In 2008, Natural England, the government’s official adviser for the environment, issued a major report showing that persecution on grouse moors was the primary reason Hen Harriers failed to breed. And between 1990 and 2012, 70 percent of the 152 people convicted of killing birds of prey were gamekeepers, according to the U.K. government’s environmental audit committee.

Killing a harrier comes with a heavy fine ($7,900) and even jail time in extreme cases. But there’s an inherent problem in enforcing such laws: Harriers are relatively easy to murder, yet the crime is difficult to solve. There are also allegations from groups like the RSPB that the culprits destroy bird carcasses and their satellite tags to make the deaths untraceable. Between 2007 and 2014, government records show that 28 tagged harriers were listed as "missing" across the U.K., and so far in 2015 alone, five tagged breeding males have disappeared from monitored nests in England. Several harrier carcasses that have been discovered over the years by conservation groups have been poisoned, shot, or beaten to death.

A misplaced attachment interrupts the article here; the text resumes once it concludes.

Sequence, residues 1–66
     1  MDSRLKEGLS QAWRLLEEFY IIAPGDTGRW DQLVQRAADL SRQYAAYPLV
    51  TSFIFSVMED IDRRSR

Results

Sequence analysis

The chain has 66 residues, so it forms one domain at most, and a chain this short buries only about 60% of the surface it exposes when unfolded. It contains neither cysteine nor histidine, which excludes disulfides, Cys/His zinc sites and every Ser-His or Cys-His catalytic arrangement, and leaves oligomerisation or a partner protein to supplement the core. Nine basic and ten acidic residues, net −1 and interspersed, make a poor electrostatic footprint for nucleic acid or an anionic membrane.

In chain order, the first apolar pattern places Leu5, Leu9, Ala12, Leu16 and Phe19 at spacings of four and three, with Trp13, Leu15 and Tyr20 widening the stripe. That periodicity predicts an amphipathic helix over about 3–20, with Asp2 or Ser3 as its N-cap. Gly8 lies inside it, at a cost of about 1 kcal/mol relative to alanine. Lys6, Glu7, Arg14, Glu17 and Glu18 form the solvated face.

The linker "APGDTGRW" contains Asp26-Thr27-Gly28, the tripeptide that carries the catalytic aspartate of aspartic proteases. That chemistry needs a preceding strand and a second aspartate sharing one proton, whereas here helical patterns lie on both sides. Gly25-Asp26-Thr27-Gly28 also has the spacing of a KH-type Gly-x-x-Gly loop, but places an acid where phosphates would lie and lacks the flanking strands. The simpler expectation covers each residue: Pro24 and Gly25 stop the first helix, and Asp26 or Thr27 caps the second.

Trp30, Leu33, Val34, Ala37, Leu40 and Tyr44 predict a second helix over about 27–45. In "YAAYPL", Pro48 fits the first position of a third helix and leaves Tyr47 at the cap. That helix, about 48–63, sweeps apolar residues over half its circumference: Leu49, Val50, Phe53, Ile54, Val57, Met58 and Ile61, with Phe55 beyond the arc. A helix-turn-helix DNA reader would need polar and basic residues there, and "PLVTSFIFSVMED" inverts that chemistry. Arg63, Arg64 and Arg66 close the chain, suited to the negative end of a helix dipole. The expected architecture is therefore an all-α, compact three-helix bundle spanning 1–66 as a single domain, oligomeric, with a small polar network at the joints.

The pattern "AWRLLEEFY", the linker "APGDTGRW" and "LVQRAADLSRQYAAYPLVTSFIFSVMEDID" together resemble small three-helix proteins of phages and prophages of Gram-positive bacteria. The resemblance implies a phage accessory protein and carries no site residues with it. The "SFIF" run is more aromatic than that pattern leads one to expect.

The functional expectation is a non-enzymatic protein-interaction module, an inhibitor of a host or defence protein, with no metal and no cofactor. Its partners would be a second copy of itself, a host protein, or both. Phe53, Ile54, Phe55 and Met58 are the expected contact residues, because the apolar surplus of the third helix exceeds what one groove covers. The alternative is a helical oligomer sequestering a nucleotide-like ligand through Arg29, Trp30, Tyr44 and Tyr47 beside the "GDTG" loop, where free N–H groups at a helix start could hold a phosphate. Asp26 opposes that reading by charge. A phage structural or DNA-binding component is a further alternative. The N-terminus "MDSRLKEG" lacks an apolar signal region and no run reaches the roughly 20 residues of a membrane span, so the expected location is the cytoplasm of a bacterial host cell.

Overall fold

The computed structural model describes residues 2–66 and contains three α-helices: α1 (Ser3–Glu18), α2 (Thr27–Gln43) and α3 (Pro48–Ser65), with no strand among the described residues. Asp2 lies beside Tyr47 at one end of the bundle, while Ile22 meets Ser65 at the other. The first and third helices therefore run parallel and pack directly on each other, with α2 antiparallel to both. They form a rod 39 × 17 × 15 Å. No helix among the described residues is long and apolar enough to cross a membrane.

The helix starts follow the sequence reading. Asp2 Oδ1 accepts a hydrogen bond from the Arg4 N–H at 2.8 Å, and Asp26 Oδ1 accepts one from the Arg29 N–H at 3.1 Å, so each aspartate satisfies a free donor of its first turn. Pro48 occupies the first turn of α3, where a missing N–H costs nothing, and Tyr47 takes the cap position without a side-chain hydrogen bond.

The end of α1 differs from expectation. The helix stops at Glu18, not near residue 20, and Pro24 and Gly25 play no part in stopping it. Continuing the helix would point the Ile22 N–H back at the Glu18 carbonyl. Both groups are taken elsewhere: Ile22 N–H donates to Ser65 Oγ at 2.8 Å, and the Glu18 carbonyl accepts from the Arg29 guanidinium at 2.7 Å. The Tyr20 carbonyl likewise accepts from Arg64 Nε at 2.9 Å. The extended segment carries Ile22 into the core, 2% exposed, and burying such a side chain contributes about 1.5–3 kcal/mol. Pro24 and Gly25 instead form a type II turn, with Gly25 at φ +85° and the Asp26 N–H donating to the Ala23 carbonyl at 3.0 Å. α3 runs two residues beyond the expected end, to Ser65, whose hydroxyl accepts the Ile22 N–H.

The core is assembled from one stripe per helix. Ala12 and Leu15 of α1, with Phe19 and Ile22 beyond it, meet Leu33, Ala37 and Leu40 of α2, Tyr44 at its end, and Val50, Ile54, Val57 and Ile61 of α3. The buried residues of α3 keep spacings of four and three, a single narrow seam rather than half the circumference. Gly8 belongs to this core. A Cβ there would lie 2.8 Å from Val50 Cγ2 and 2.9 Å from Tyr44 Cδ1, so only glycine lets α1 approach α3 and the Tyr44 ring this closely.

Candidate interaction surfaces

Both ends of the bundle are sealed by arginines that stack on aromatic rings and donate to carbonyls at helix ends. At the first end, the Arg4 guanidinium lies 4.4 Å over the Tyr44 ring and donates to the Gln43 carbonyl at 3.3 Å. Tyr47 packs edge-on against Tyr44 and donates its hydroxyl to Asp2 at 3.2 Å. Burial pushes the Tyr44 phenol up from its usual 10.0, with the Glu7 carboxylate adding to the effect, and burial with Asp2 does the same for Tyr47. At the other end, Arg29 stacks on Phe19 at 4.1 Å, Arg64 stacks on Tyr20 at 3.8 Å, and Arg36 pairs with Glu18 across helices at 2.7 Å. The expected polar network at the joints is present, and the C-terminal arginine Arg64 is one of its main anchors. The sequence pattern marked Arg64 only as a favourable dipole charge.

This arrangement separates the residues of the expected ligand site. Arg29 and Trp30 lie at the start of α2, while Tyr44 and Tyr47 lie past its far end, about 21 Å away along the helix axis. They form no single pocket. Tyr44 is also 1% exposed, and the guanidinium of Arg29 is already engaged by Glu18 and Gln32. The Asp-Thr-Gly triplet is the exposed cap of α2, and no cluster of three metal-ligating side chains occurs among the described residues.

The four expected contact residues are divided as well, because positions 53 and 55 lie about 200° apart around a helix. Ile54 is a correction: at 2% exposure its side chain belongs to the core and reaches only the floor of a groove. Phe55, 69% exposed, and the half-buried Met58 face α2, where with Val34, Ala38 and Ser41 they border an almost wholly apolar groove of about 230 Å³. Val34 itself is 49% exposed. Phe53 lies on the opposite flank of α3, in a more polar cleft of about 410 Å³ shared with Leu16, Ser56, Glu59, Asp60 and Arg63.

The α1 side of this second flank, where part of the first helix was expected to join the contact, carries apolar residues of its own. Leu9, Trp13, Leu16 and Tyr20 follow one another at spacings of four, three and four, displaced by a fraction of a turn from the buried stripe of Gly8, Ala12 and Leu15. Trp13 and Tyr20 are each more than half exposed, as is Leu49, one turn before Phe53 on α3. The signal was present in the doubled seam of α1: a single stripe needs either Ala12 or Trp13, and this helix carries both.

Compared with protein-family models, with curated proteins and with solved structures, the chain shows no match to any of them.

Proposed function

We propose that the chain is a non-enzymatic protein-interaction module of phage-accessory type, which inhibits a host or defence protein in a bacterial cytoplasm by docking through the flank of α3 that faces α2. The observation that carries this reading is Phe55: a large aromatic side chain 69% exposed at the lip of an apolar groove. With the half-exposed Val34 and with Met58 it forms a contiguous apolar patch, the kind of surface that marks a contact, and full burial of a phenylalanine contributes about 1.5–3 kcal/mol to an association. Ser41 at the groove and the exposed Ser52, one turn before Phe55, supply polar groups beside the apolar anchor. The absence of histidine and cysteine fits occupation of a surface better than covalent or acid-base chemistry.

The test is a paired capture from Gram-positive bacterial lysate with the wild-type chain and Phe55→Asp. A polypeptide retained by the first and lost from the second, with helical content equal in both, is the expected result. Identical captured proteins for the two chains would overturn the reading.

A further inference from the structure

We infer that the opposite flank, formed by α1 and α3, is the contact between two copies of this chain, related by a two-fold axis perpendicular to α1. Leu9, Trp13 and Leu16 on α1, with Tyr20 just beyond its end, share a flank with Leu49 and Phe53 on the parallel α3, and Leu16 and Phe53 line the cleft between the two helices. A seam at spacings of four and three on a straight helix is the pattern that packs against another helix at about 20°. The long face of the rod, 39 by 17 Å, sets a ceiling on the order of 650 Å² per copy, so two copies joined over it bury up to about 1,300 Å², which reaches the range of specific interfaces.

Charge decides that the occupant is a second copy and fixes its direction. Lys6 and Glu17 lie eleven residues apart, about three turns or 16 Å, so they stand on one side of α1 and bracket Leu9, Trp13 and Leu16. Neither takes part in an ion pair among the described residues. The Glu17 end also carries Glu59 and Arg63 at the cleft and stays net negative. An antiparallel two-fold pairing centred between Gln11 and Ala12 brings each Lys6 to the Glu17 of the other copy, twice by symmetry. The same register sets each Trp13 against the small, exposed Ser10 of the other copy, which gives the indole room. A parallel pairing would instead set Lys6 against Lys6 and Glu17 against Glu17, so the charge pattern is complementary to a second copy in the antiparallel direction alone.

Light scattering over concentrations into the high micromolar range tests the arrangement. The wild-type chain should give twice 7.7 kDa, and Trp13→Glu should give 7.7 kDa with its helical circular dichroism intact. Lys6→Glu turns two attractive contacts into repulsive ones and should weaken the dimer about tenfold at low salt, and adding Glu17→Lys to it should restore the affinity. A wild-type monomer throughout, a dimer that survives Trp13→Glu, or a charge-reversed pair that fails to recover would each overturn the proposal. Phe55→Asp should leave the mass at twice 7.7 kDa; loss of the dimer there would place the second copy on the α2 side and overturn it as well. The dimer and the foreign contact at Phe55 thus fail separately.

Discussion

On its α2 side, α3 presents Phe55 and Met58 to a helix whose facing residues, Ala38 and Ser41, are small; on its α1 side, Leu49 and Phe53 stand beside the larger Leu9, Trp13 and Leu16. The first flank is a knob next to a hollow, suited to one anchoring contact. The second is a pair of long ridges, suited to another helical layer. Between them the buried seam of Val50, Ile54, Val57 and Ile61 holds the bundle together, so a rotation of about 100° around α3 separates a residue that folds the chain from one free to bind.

Certain hunting interest groups like the British Association for Shooting and Conservation openly condemn wildlife crime, and others have joined forces with conservation groups like the RSPB to monitor nests on moors. But overall, hunting groups tend to sidestep the problem of harrier persecution, instead emphasizing the birds’ detrimental impact on grouse populations or championing the conservation benefit of managed moorlands.

How conservation groups are trying to save the Hen Harrier

To address the problem, the British government has suggested a controversial “brood management” program, which requires removing harrier chicks from their nest, raising them in captivity, and re-releasing them away from estates. But the RSPB says this ignores the fact that the real issue is illegal persecution by humans. Instead, organizations like RSPB and BAWC want the government to implement “vicarious responsibility,” a legal arrangement that would hold estate-owners accountable for any wildlife crimes committed on their lands.